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A: There are those who suspect Wildflower Center volunteers are the culpable and capable culprits. Yet, others think staff members play some, albeit small, role. You can torture us with your plant questions, but we will never reveal the Green Guru's secret identity.

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Ask Mr. Smarty Plants is a free service provided by the staff and volunteers at the Lady Bird Johnson Wildflower Center.

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Thursday - June 20, 2013

From: Comfort, TX
Region: Southwest
Topic: Diseases and Disorders, Pests, Herbs/Forbs
Title: Insects attacking Gregg's Blue Mistflower from Comfort TX
Answered by: Barbara Medford

QUESTION:

I have a beautiful stand of Gregg's Blue Mist flower that have been attacked by an unknown insect. The new growth is curled and stunted and it is not flowering. I'm not alone..I've seen the Gregg's Mist at the Wildflower Center and fellow gardeners here in the Hill Country having the same problem. Help! What is the culprit and how do we deal with it?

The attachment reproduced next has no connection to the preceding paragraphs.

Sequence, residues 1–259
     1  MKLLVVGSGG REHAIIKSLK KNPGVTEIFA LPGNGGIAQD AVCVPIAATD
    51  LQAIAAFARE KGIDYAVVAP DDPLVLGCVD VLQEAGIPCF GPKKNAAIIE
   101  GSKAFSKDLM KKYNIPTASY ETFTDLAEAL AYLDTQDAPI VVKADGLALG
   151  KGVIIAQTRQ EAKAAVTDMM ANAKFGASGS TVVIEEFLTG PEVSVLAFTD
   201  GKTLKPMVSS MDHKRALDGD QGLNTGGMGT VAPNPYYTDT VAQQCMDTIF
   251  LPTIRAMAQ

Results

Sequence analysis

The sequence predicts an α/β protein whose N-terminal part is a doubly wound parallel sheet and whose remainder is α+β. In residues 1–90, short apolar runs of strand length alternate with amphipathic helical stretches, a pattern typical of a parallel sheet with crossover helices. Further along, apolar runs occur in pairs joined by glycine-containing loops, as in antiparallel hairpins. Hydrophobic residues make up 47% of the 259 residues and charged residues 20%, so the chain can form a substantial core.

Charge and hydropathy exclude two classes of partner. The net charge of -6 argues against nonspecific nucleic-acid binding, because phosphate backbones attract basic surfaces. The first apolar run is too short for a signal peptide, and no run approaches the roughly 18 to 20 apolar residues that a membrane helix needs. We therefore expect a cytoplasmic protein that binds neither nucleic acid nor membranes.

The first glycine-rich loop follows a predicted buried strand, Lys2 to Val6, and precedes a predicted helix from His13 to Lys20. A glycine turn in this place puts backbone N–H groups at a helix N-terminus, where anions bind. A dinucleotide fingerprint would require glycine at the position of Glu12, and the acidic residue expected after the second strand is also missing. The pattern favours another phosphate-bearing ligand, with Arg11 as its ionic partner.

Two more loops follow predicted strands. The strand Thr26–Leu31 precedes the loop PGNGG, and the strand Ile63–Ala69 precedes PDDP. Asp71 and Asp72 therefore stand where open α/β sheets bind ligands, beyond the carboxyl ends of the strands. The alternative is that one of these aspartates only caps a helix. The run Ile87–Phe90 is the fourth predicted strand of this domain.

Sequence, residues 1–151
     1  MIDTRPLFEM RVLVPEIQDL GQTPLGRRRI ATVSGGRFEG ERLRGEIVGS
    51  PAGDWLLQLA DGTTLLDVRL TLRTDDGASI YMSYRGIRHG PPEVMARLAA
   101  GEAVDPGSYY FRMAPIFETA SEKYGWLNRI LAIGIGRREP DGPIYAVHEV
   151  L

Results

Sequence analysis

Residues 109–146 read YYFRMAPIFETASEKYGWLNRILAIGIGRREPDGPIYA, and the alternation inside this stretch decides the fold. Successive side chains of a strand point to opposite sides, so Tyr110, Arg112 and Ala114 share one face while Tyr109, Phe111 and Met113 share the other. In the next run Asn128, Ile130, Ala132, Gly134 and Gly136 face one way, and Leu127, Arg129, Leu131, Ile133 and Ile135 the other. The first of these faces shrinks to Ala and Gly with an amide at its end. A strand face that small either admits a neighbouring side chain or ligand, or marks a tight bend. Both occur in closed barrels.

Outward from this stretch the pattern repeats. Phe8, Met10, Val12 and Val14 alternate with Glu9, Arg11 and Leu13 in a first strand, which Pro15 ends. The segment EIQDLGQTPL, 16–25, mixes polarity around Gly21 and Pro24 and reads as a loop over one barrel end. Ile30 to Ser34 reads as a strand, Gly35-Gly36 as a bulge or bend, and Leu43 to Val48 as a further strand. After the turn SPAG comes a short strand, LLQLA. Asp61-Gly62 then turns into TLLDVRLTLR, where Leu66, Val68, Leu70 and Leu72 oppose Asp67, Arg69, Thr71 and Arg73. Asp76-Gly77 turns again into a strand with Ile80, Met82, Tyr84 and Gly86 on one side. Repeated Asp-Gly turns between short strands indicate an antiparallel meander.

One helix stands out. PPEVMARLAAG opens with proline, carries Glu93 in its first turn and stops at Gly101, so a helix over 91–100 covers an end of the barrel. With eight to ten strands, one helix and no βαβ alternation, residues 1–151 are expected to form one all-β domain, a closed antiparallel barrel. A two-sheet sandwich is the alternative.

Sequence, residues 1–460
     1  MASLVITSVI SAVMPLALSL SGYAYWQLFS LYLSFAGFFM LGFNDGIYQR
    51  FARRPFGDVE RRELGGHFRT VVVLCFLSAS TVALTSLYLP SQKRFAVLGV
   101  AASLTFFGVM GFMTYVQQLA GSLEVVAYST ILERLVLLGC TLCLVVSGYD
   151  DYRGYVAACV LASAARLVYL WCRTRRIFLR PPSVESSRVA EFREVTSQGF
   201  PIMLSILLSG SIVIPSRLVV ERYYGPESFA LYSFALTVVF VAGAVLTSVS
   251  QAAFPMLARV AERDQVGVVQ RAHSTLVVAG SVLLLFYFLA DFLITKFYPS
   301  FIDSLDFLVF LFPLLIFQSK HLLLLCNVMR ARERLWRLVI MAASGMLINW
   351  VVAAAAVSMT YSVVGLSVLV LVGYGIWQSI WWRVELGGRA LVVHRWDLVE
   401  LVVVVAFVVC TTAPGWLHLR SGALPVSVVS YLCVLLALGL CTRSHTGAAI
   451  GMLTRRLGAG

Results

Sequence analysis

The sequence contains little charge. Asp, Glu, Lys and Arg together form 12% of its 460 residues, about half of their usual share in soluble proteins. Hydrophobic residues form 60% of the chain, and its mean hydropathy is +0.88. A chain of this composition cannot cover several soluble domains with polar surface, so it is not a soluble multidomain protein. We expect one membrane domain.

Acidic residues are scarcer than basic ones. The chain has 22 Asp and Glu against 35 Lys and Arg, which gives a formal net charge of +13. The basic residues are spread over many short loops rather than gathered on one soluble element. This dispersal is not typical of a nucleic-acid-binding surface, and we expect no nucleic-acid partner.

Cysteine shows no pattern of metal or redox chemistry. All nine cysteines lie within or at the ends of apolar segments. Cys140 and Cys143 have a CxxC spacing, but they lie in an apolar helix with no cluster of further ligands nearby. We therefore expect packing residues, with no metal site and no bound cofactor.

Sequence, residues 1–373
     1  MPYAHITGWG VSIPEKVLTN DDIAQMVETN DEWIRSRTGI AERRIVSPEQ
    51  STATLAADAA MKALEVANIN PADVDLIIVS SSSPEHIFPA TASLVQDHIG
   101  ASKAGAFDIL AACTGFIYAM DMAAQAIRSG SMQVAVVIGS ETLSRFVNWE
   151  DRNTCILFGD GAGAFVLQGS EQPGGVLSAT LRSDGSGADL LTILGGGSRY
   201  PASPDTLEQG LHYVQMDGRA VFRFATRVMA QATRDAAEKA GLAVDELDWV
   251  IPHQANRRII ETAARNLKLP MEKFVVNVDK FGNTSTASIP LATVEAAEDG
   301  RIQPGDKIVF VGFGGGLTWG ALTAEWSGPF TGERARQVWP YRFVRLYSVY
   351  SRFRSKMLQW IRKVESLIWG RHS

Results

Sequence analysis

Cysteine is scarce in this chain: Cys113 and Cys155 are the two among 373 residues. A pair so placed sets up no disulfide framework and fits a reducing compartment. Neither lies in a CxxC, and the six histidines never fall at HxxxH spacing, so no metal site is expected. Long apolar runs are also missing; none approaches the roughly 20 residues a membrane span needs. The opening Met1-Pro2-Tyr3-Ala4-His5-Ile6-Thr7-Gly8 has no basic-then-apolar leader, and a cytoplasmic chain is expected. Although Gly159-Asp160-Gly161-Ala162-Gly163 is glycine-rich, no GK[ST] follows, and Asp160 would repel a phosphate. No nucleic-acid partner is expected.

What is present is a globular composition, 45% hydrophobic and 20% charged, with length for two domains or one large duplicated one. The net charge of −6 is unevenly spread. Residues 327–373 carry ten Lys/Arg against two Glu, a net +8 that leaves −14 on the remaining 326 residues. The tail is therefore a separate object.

ANSWER:

According to this USDA Plant Profile Map Conoclinium greggii (Gregg's mistflower) only grows natively in Hudspeth County in far west Texas. That doesn't mean it won't grow in Kendall County or Central Texas where the Wildflower Center is, of course it does grow both places. But it could indicate some soil or rainfall problem; insects will often attack a plant weakened by environmental problems. So, first, let's look at the environment this plant prefers:

"Growing Conditions

Water Use: Medium
Light Requirement: Sun , Part Shade
Soil Moisture: Dry
Soil Description: Gravelly, calcareous soils."

Here is a previous Mr. Smarty Plants question, also from Central Texas, that addresses the same question. In some of our research, we saw suggestions that this plant might do better in part shade in the hot afternoon, and also that it might need to be watered twice a week and required very good drainage.

 

From the Image Gallery


Gregg's mistflower
Conoclinium greggii

Gregg's mistflower
Conoclinium greggii

Gregg's mistflower
Conoclinium greggii

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